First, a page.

It took a long time, but summer has finally arrived and it’s time to take a break.
I don’t know about you, but I felt like the past few weeks have been very busy and I think we all need a breather.
Don’t be surprised if you feel a little drained and exhausted this time of year. It has been a long misery and we have all done our best to adapt and make our way through this global pandemic.
Last month, the dating app Bumble gave all employees a week off to switch off and focus on themselves for a full week recovering from a burnout caused by the pandemic.
Most of us have had to adapt to a completely new way of working in the past 18 months, and many of us have worked longer and harder than ever to adapt and cope with the changes caused by Covid. This takes its toll and we need rest to balance the stress.
What is burnout?
Burnout occurs after a long period of intense stress that exhausts us physically, mentally and emotionally. It can manifest itself in a feeling of being overwhelmed, emotionally drained and unable to meet the constant demands.
It’s fantastic to hear from a workplace like Bumble that is putting in place measures to support employees and make it easier to take a self-sufficiency break, but there are things we can do to help ourselves when we feel exhausted. Here are a few ideas:
Take a break. Realize that you have worked hard and allow adequate free time.
The first hour of the day is a good time to start the day off right. Going outside in the morning helps to restart our sleep-wake cycle and has a balancing effect on the cortisol level. Go for a walk or run before work, or have breakfast in the garden if the weather permits. Take your time for mindfulness or breakfast and first check emails or social media at your desk.
Set limits and turn off notifications. We’re constantly bombarded with pings, things, and notifications of emails, likes, and shares from our devices. Turn off as many of them as you can.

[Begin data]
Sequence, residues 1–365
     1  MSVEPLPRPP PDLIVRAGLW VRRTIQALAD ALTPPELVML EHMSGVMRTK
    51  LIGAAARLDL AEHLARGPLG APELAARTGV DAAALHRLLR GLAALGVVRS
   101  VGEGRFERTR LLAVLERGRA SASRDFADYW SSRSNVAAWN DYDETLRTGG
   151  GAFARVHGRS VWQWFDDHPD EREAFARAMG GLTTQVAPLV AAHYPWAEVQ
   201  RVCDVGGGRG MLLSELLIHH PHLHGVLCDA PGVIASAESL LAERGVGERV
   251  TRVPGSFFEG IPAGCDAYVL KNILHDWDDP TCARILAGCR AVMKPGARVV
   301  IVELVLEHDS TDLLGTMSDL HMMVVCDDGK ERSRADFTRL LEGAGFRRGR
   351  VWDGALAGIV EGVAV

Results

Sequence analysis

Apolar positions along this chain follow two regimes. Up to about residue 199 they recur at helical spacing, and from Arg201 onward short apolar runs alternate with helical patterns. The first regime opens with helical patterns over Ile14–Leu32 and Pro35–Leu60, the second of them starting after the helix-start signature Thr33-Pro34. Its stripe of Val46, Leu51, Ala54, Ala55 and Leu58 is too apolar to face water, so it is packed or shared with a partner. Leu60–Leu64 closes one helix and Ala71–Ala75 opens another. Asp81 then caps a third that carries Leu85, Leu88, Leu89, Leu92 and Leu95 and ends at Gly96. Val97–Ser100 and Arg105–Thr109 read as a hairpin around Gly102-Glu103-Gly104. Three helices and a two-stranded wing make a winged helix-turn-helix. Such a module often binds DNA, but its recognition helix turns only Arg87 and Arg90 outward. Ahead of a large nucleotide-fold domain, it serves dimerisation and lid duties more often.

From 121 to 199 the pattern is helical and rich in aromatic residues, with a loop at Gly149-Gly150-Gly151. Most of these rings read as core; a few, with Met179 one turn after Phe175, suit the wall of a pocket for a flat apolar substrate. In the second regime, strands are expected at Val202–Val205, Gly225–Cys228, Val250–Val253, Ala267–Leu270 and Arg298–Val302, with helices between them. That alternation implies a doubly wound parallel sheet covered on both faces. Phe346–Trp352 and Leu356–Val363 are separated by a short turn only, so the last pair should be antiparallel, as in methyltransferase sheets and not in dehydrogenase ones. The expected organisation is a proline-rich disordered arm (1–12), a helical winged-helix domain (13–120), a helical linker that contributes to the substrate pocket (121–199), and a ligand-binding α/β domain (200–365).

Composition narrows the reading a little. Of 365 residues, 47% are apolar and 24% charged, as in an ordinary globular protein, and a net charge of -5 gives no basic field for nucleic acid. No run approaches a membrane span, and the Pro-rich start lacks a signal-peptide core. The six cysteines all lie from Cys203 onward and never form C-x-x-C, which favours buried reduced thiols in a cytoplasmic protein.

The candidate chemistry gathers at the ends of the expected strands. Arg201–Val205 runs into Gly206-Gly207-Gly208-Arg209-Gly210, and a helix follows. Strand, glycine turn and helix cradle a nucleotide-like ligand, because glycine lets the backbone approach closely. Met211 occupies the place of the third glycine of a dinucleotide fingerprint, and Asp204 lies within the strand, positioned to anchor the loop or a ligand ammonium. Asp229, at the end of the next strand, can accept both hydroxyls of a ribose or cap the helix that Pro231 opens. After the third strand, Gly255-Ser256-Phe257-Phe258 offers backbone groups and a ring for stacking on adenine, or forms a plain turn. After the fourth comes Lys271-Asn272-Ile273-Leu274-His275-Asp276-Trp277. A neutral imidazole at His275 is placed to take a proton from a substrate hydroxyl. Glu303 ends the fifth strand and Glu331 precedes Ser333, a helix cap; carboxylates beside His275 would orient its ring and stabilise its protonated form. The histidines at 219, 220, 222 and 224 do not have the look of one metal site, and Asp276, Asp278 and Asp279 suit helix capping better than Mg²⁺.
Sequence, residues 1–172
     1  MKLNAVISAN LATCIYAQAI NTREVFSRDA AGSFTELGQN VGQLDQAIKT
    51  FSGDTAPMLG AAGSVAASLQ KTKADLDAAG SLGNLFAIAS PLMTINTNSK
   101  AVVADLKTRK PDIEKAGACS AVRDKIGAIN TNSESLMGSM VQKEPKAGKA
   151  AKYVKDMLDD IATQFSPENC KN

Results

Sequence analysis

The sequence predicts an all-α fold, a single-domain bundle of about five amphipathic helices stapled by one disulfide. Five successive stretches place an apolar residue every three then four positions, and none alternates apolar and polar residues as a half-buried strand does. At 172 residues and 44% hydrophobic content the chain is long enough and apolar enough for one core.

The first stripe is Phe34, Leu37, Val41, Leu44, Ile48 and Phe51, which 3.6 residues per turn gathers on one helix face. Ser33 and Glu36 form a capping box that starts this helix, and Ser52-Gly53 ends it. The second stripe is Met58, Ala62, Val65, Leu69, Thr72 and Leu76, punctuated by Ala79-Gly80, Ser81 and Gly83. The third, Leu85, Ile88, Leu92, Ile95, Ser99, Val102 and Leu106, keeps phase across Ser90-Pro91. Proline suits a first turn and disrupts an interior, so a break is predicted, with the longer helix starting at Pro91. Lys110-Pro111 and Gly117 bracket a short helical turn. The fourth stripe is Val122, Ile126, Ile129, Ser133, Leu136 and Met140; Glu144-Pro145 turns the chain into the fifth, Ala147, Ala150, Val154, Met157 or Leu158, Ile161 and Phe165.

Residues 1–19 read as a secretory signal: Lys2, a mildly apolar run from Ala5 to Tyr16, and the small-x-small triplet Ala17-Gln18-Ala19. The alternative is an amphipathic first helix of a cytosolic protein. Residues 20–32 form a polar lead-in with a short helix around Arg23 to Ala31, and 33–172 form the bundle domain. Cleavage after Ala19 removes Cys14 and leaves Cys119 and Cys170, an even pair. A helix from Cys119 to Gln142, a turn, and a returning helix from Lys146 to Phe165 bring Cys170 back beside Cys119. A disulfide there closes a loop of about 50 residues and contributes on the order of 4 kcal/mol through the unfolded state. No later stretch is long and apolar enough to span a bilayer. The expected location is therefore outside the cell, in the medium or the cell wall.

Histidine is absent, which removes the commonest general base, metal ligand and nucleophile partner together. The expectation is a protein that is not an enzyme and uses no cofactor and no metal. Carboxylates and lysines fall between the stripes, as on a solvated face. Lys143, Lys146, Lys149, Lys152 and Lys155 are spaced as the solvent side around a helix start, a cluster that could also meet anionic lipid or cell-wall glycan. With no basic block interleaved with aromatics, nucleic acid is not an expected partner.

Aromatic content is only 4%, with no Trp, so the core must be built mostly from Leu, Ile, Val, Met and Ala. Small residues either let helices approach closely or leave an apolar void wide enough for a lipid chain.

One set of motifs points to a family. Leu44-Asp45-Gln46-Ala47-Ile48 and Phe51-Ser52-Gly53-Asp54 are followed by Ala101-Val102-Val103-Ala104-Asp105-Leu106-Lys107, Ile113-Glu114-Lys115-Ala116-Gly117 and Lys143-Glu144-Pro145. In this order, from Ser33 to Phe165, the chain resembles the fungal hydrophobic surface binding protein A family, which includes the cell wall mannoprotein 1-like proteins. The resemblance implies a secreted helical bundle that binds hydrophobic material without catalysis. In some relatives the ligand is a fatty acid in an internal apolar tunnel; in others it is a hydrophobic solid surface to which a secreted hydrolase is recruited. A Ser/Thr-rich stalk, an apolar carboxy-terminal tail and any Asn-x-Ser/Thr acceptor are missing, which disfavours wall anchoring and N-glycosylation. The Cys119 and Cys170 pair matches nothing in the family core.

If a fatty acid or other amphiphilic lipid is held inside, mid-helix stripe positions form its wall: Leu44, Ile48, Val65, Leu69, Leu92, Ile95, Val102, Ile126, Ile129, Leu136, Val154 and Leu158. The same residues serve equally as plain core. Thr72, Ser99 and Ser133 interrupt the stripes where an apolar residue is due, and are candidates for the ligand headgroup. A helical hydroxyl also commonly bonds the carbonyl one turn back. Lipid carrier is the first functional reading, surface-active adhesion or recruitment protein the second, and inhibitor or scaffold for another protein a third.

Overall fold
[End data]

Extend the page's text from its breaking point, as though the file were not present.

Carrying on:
To be in nature It has been shown to help with feelings of stress, anxiety, and moods, so make sure you get outside every day.
Cut down on caffeine as much as possible. If you’re feeling particularly anxious, completely cutting the coffee (even the decaffeinated stuff) can help. It would be good to replace tea with green tea as it contains L-theanine which has calming properties. Look out for teas with lemon balm or tulsi – both have a positive effect on our adrenal glands.
Cut down on sugary foods because they can create a blood sugar roller coaster that puts additional stress on the adrenal glands.
Choose low GI, slow release carbohydrates like brown rice, oats or sweet potato instead of the white and refined versions.
Add a palm-sized serving of protein to each meal to nourish your adrenal stress glands. Eggs, meat, fish, chicken, nuts and seeds, legumes, yogurt, humus are good sources.
Sit at a table to eat all of your meals. When you eat on the go, your body thinks it is in flight or airplane mode.
Try packing half of your plate with vegetables, and make sure you eat lots and lots of dark green vegetables. They contain magnesium, which has a calming effect on our nervous system. This can be spinach with curry, oven-roasted broccoli, or a large green salad for lunch.
Be careful not to exercise too much – Walking, jogging, Pilates, yoga, swimming are preferable to high-intensity exercise that can put more stress on your adrenal glands.
Be mindful – Rest or headspace apps are a good place to start.
You may want to consider a nutritional supplement, but be careful when taking medication as there may be drug-nutrient interactions. Herbs like Siberian Gingseng and Rhodiloa can be just as helpful as B vitamins and magnesium.